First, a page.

Most Patients with Unknown Spinal Cord Disease Later Given Specific Diagnosis, Study Shows
A study by Mayo Clinic researchers found that most patients with suspected spinal cord inflammation of unknown cause have an alternative, specific diagnosis. The research is published in Neurology, the medical journal of the American Academy of Neurology.
“Our review draws attention to the critical need to properly diagnose spinal cord disease to initiate appropriate therapy early on and avoid unnecessary and potentially harmful treatments,” says B. Mark Keegan, M.D., Mayo Clinic neurologist and senior author.
Of 226 adult patients referred to Mayo Clinic for spinal cord inflammation of unknown cause between Dec. 1, 2010, to Dec. 31, 2015:
- Diagnosed correctly: 41 patients (18 percent)
- Received a different diagnosis: 158 patients (69.9 percent), including multiple sclerosis, neuromyelitis optica or vascular strokes of the spinal cord
- Required treatment changes: 55 patients (24 percent)
- Had no spinal cord disease diagnosis confirmed: 27 patients (11.9 percent)
Severe spinal cord inflammation can lead to disability. Symptoms vary widely, including paralysis, blindness, numbness or tingling in arms and legs, or bladder and bowel problems.
“Our study increases awareness that patients may benefit from referral to specialized care centers to correctly diagnose a specific cause for spinal cord disease rather than lumping patients into a category prematurely as having spinal cord inflammation of unknown cause,” Dr. Keegan says.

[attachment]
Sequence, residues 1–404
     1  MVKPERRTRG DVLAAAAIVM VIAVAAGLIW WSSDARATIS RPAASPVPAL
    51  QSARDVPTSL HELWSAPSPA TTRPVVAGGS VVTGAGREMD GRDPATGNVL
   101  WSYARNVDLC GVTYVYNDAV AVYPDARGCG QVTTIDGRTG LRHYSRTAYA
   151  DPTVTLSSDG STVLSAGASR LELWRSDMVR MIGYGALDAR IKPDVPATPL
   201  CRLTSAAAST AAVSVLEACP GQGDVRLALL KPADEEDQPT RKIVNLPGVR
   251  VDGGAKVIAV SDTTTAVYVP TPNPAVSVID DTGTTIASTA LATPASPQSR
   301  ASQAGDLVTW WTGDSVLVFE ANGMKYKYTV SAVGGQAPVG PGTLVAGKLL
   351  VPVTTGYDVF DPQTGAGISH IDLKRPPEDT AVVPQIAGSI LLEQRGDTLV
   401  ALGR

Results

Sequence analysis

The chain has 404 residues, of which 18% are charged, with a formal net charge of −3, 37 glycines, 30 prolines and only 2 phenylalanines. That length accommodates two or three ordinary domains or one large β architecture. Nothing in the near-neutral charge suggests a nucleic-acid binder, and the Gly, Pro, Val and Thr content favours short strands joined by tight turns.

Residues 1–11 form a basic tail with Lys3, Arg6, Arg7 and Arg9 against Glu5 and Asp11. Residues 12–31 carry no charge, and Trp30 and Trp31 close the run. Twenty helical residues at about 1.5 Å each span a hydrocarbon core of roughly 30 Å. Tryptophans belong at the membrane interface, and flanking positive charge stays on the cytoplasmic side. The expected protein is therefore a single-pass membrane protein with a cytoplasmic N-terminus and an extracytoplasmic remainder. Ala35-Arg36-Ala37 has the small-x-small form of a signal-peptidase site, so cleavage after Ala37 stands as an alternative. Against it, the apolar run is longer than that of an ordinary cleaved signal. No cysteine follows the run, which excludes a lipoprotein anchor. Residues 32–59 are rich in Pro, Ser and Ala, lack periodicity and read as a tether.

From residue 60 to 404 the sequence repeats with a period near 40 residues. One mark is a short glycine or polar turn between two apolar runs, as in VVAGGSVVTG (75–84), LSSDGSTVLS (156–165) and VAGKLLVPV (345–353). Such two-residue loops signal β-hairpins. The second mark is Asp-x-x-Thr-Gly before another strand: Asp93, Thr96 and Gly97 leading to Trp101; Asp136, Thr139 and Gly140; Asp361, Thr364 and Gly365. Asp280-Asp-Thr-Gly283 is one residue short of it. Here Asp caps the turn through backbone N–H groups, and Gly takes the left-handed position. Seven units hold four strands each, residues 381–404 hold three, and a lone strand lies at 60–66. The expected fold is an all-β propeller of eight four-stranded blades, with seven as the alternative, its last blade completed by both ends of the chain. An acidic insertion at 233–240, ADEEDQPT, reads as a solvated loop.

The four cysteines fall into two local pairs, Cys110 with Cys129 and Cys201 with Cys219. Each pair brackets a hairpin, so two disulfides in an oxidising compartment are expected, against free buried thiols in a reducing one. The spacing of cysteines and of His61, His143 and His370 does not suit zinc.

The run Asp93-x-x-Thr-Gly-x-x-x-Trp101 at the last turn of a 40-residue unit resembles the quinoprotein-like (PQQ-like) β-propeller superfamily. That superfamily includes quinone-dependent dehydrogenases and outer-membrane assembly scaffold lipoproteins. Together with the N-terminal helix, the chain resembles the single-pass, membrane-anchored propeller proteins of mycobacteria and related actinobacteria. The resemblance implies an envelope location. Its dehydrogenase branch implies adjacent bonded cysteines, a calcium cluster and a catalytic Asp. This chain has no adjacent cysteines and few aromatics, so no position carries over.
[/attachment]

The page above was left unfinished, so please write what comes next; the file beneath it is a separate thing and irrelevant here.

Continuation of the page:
From the time patients presented with symptoms until final diagnosis was a median of nine months, the researchers note.
“Identifying the correct, specific diagnosis often can be challenging for physicians who do not see a high volume of patients with spinal cord impairment,” says Nicholas Zalewski, M.D., a clinical fellow in the Department of Neurology at Mayo Clinic and first author on the study. “Although we continue to identify helpful clinical and imaging signature features that aid in recognizing the correct underlying cause, these findings often overlap among the different causes of spinal cord disease, and, thus, it’s challenging to identify the right diagnosis.”
When patients receive an “unknown cause diagnosis,” they often aren’t referred for further neuroimaging or lab tests that detect antibodies in the blood, the authors note.
“Only some causes of spinal cord impairment have definitive blood tests for them,” adds Eoin Flanagan, M.B., B.Ch., a Mayo Clinic neurologist and co-author. “The other causes of spinal cord impairment rely on evaluation by experienced clinicians, proper MRI investigations and MRI reads by experts.”
The authors see this study helping improve the diagnosis of specific spinal cord disease.
“Our review shows that specialty centers are able to identify specific causes for presumed inflammatory spinal cord disease that has been listed without a known cause,” Dr. Keegan says. “This has been possible because of dedicated research at Mayo Clinic and other centers to evaluate patients with spinal cord disease.”
Study limitations include short clinical follow-up and a referral-based population.